TOKYO - Weeks after three Americans detained in North Korea were released, a U.S. citizen has shown up in the repressive state, appearing on television to denounce his home country as a "mafia enterprise" and call American democracy "an illusion."

Although details remain sketchy, it seems that the man, Arturo Pierre Martinez, 29, of El Paso, Texas, willingly went to North Korea. He says he is not being detained.

At a news conference Sunday in Pyongyang, Martinez criticized the U.S. for alleged human-rights violations.

"The illegal war carried out against the nation of Iraq serves as a perfect example of how the U.S. government acts much like a mafia enterprise by criminally plundering entire nations of their resources, strategic reserves, and economies instead of smaller-scale business and individuals, and does so without a code of ethics," he said in a video released by the official Korean Central News Agency.

But his mother, Patricia Eugenia Martinez, told CNN that her son has bipolar disorder and had previously tried to enter North Korea by swimming across a river but was apprehended and sent back to the United States, where he was treated at a psychiatric hospital in California.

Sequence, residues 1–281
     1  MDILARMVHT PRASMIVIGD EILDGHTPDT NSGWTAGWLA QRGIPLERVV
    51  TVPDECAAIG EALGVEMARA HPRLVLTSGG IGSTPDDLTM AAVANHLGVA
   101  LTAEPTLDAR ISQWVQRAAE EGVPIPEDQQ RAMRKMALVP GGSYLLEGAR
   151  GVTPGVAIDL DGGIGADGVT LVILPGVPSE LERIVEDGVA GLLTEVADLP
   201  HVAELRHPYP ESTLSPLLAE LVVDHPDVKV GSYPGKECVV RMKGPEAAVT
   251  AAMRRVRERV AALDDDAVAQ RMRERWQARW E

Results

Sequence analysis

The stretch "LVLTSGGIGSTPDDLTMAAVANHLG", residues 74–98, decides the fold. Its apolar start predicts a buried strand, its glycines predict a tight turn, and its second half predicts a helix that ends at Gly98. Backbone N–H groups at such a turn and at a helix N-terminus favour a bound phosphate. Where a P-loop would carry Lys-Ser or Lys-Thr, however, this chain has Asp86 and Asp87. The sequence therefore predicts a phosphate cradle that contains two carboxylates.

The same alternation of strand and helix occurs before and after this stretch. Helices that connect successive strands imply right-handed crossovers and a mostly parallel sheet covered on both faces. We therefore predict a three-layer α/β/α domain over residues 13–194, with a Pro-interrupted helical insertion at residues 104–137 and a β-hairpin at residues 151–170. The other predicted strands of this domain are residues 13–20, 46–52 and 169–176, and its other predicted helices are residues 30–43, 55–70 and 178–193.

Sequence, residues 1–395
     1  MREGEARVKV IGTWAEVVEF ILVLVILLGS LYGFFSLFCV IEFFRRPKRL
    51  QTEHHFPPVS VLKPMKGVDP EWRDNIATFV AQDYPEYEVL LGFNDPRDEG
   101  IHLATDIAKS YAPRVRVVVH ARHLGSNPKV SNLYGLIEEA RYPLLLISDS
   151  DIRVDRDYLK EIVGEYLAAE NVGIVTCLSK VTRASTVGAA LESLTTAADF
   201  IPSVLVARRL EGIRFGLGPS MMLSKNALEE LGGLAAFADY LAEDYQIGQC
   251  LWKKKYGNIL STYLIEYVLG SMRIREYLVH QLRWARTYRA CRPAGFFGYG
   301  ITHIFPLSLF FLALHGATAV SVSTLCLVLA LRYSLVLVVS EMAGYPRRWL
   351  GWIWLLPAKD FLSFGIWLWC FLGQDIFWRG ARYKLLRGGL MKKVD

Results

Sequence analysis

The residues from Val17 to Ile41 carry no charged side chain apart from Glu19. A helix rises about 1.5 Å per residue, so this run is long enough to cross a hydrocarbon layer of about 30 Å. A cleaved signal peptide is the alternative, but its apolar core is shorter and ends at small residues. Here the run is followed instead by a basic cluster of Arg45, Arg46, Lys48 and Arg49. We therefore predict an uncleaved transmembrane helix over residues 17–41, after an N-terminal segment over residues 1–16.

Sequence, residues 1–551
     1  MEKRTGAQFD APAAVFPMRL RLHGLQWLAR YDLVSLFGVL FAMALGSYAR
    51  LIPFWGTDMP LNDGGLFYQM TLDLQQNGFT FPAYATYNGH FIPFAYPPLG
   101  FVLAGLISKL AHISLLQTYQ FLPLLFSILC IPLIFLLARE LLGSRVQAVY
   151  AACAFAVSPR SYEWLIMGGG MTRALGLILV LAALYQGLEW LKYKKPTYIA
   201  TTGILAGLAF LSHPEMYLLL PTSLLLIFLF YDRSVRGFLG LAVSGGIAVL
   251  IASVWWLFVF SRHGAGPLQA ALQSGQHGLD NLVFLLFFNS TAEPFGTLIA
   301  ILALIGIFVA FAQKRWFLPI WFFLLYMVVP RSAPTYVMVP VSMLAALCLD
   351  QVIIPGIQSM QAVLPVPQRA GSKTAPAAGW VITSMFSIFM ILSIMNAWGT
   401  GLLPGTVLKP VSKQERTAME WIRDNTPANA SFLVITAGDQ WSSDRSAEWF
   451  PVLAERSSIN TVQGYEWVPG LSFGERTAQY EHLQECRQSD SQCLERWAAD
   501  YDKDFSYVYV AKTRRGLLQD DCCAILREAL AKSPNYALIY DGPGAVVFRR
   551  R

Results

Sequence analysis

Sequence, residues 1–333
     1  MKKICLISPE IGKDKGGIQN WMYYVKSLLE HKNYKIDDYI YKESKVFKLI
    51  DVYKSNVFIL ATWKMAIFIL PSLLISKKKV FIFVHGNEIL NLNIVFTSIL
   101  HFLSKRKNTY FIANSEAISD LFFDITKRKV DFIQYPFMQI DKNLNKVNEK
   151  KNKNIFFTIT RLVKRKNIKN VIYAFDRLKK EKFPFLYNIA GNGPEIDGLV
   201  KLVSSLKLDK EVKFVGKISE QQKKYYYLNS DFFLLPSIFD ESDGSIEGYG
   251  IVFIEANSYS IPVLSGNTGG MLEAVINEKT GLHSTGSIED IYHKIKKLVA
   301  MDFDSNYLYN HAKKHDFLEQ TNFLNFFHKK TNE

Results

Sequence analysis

North Korea said in a statement that Martinez entered the country last month, just two days after James R. Clapper Jr., the top U.S. intelligence official, went to Pyongyang to secure the release of Kenneth Bae and Matthew Todd Miller, two Americans who were being held by North Korea. Another American, Jeffrey Fowle, was released in October after six months in detention.

State Department deputy spokeswoman Marie Harf said, "We are aware of reports that a U.S. citizen crossed into North Korea, and we stand ready to provide all consular assistance," the Associated Press reported. She did not provide any additional information, citing "privacy considerations."